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To Homer Alexander Jack

King, Martin Luther, Jr. (Dexter Avenue Baptist Church (Montgomery, Ala.))
August 20, 1956
Martin Luther King, Jr. - Career in Ministry


In a 27 June letter, Jack mentioned to King an upcoming visit to Montgomery and offered to speak “on the life and meaning of Gandhi.” King asked the Unitarian minister to fill Dexter’s pulpit on 29 July, but Jack did not receive the invitation; he therefore cut his trip to the South short after visiting King Sr., in Atlanta. On 1 August King again invited Jack to Montgomery, and on 12 August Jack delivered an address titled "From Gandhi to Montgomery The Life and Teachings of Mahatma Gandhi." Gandhi saw passive resistance as a weapon against racism, Jack observed, and fought segregation successfully in South Africa for twenty years because he believed that “one determined individual, inspired by unquenchable faith, can stand up against the whole world and alter the course of history.” Jack also compared Gandhi’s protest methods with King’s. "As with Gandhi, so with Dr. King - he confounds and baffles his opponents by the simple justice of his demands, by refusal to hate or retaliate.” Jack's address was later excerpted in the Dexter Echo. 1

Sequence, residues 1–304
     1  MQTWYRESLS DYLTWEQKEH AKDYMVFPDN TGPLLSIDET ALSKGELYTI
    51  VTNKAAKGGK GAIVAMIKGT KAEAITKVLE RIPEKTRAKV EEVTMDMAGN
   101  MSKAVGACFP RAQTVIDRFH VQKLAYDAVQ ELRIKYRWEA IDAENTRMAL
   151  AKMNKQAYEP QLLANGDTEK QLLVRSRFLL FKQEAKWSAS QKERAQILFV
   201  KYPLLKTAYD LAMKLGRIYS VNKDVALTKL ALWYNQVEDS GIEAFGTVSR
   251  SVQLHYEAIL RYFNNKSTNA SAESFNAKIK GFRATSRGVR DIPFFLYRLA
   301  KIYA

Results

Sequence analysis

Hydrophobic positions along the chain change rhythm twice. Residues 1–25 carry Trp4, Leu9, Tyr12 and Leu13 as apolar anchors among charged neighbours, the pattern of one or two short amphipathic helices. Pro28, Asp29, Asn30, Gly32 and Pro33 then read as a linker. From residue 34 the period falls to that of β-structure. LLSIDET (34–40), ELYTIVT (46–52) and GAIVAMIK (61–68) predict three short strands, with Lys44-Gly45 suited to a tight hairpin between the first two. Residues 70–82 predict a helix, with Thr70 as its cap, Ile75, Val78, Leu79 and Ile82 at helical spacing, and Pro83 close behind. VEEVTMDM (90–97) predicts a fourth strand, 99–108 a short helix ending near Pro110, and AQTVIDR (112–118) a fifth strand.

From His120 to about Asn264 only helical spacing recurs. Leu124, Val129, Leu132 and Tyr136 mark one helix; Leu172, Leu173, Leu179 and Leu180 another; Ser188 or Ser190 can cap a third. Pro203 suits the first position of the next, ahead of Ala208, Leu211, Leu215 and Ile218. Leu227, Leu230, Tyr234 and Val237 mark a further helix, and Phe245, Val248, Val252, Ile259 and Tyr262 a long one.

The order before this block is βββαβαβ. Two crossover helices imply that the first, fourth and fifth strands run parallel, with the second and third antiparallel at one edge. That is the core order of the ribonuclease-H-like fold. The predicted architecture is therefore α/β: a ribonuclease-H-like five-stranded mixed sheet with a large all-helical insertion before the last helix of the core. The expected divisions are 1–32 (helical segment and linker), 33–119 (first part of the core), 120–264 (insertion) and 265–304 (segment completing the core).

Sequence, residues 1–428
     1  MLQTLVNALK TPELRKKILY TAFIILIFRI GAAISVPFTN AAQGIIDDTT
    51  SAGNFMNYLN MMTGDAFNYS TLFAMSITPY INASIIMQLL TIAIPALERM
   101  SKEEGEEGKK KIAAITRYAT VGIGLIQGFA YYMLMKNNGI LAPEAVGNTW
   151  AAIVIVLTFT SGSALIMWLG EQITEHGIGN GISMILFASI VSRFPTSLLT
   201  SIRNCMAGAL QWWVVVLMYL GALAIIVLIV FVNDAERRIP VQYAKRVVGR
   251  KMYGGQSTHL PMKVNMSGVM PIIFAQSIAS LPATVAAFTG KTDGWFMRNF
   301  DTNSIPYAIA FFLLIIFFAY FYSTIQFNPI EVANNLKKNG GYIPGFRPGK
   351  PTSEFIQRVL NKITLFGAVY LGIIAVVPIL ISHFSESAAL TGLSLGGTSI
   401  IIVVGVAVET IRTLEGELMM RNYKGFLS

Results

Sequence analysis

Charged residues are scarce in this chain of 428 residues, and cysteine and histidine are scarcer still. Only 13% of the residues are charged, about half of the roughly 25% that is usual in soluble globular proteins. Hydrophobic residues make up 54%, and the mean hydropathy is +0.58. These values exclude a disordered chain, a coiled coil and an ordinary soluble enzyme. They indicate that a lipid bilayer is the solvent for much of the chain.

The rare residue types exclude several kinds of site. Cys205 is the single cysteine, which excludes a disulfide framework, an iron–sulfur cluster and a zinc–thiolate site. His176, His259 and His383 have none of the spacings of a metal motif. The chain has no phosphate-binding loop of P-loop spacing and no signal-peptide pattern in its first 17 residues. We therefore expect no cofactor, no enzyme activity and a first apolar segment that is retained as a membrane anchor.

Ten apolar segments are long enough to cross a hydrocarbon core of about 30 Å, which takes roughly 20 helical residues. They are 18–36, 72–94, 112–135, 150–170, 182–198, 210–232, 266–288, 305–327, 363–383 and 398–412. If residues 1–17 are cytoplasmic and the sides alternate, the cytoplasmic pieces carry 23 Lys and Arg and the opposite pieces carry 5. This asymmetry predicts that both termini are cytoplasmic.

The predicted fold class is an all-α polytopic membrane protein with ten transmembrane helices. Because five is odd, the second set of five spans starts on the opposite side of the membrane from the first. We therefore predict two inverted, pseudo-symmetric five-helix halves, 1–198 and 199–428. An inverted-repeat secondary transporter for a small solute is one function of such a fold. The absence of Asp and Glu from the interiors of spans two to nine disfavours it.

Dr. Homer A. Jack, Minister
The Unitarian Church of Evanston
1405 Chicago Avenue
Evanston, Illinois

Dear Dr. Jack:

May I express to you, on behalf of Dexter Avenue Baptist Church, our profound thanks for the signal contribution you made to our worship last Sunday morning. I understand that your moving message was admirably attuned to the occasion and, as you must have noted, made deep impact on the listeners. All week long I have heard nothing but favorable comments concerning your message and your presence. I only regret that this engagement fell at a time when most of our members were away on vacation. We will look forward to having you again when our whole congregation will have the opportunity to hear you.

I would appreciate it very much if you could send a copy of your message. The editor of our church paper has already requested a copy to be printed in the next issue of the paper. Since I missed the message, it would mean so much if I could at least read it. If this does not inconvenience you, we will look forward to your sending it as soon as possible.

With all good wishes in your vital work, and with warm regards to you and Mrs. Jack, in which Mrs. King joins me

Sincerely yours,
Martin L. King, Jr.,


P.S. Please send me Lillian Smith’s address.

1.“From Gandhi to Montgomery: The Life and Teachings of Mahatma Gandhi,” Dexter Echo, 3 October 1956, pp. I, 3.


MLKP-MBU, Martin Luther King, Jr., Papers, 1954-1968, Boston University, Boston, Mass.